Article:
Energy efficiency: policies need reform, but the UK still outperforms other countries

  • 17 Jul 2012, 15:00
  • Ros Donald

A new report has warned the UK's energy efficiency policies won't deliver on their full potential unless they're reformed. But one energy expert has questioned the figures used in the report,  saying they don't accurately reflect the UK's energy use or potential savings.

Meanwhile, green groups and consumer organisations have told the government its home efficiency loan scheme looks set to fail unless it's reformed. And on the same day, a new study shows that on the international stage, the UK may be the best of a bad bunch.

Prepare yourself for fun, as we round up the day's energy efficiency news.

Current energy efficiency policies unlikely to deliver potential savings

According to BusinessGreen, energy minister Charles Hendry has announced the government is going to consult on new energy efficiency plans this autumn.

It looks like there will be a lot to think about. UK's Department of Energy and Climate Change yesterday published a draft report by energy consultancy McKinsey. It suggests current policies are set to deliver just one-third of possible energy savings available over the next two decades from efficiency. The report has identified 150 terawatt hours of energy savings the UK could make by 2030 - most of which could come from improved lighting controls in the commercial sector, better building efficiency and pump efficiency in the industrial sector.

But unless the government improves its current efficiency policies, the report concludes, the UK may only achieve around a third of the potential savings identified. On the upside, McKinsey says policies aimed at housing could deliver up to 76 per cent of potential savings. This means it's really important the  Green Deal, the government's energy efficiency loan scheme, works.

Does the report get domestic energy savings right?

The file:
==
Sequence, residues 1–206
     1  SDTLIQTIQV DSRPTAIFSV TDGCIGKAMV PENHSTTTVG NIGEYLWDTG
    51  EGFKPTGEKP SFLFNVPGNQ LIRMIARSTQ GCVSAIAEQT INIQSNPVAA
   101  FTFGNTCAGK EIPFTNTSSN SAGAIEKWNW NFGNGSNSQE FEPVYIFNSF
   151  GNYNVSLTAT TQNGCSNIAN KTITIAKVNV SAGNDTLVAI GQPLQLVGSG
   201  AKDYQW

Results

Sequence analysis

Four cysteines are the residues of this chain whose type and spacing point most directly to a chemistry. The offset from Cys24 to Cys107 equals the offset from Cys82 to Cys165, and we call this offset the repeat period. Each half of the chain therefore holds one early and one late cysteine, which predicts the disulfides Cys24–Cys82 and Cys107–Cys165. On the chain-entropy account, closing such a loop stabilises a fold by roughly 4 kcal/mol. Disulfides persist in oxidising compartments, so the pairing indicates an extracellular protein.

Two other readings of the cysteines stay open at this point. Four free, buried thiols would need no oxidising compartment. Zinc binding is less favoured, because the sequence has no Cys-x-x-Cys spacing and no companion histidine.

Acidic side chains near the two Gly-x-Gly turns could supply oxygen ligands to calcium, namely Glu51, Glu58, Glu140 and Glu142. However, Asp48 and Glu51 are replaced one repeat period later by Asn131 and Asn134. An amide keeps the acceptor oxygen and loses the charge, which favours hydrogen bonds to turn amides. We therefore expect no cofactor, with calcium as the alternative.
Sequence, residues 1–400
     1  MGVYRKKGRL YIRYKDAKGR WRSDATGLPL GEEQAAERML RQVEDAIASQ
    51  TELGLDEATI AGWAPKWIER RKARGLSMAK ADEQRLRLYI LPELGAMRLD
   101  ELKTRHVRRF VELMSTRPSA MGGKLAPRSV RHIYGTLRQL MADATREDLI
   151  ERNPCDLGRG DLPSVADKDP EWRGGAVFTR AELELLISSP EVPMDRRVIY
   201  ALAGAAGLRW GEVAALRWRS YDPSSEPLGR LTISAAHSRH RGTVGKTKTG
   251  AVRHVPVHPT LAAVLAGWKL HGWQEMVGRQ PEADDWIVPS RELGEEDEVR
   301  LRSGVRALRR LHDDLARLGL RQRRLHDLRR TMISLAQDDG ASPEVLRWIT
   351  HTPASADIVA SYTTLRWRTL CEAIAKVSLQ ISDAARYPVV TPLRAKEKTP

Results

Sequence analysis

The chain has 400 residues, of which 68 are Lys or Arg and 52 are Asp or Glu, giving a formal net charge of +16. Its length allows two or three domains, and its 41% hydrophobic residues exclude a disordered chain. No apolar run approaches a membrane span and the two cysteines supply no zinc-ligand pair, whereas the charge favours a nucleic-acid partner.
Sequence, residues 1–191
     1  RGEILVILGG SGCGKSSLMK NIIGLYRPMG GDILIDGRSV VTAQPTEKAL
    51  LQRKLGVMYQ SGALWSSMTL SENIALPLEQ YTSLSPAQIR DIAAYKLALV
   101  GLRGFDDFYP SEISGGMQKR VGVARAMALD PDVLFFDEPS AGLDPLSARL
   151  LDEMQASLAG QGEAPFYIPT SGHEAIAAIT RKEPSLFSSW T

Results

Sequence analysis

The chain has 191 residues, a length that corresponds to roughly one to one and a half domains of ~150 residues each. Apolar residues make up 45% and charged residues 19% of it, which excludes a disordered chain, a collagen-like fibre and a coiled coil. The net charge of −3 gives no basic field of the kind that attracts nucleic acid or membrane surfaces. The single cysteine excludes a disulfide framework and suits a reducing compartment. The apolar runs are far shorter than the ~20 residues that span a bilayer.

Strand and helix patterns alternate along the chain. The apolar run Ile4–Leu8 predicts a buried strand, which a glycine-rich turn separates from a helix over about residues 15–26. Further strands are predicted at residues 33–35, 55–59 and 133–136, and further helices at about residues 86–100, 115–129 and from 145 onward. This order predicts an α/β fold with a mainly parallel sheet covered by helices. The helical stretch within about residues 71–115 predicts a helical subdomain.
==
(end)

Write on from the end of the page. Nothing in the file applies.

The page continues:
But is the analysis right? Over on his blog Carbon Commentary, Chris Goodall suggests the DECC report makes "important errors" in calculating estimated savings that could be made in homes.

He says the report overstates the amount of power used in domestic lighting "by almost a factor of three". This would mean the projected efficiency savings aren't possible, as they are almost double previous estimates of total UK power use for home lighting. In contrast, Goodall calculates that the report has underestimated the amount of power we use for space and water heating.

DECC says it's publishing the underlying analysis for comment and is keen to receive views on where the report conflicts with other sources of evidence. It adds, however:

"It's important to note that the figures shown look at the maximum potential for electricity efficiency[...]. We would not necessarily expect all this potential to be cost effective or practical to deliver."

Consumer and green groups warn the Green Deal could "fail"

Which?, WWF and Greenpeace have written to Ed Davey to say the Green Deal will fail unless reformed - a bit of a problem if the McKinsey report is correct about the policy's importance in improving UK energy efficiency. The authors say the Green Deal could fail those in fuel poverty, and they claim the policy's focus on solid wall insulation could damage demand for cheaper measures like loft insulation.

Britain races to victory!

It's not all bad - the American Council for an Energy-Efficient Economy (ACEEE) has announced the UK tops its 2012 International Energy Efficiency Scorecard. In news that might offer succour to DECC's beleaguered officials, the UK has beaten 11 other countries including Germany, Italy and Japan to the top spot.  

The UK's ambassador to the United States, Sir Peter Westmacott, has blogged on the ACEEE's findings on HuffPo. Apparently we're also hosting the 'world's first sustainable olympics and paralympics'. Who knew?

The report assesses energy efficiency across four groupings: first at the national level, and then across the most energy intensive sectors - buildings, industry and transportation. China has done best at reducing buildings' energy consumption, while the UK scores pretty low when it comes to energy use in homes  - again underlining the importance of the Green Deal in improving the UK's performance.

None of the countries receive a perfect score in any category, however. The council warns its results show how far even the top performers have to go to improve energy savings.

Slow news day

Although there's been a fair bit of news on energy efficiency today, it's barely had a mention outside the articles we've highlighted and trade publications. Sadly, there's only so much loft-insulation themed photo ops can do - energy efficiency is probably essential to cutting emissions, but apparently, as far as the media are concerned, it remains stubbornly uninteresting.

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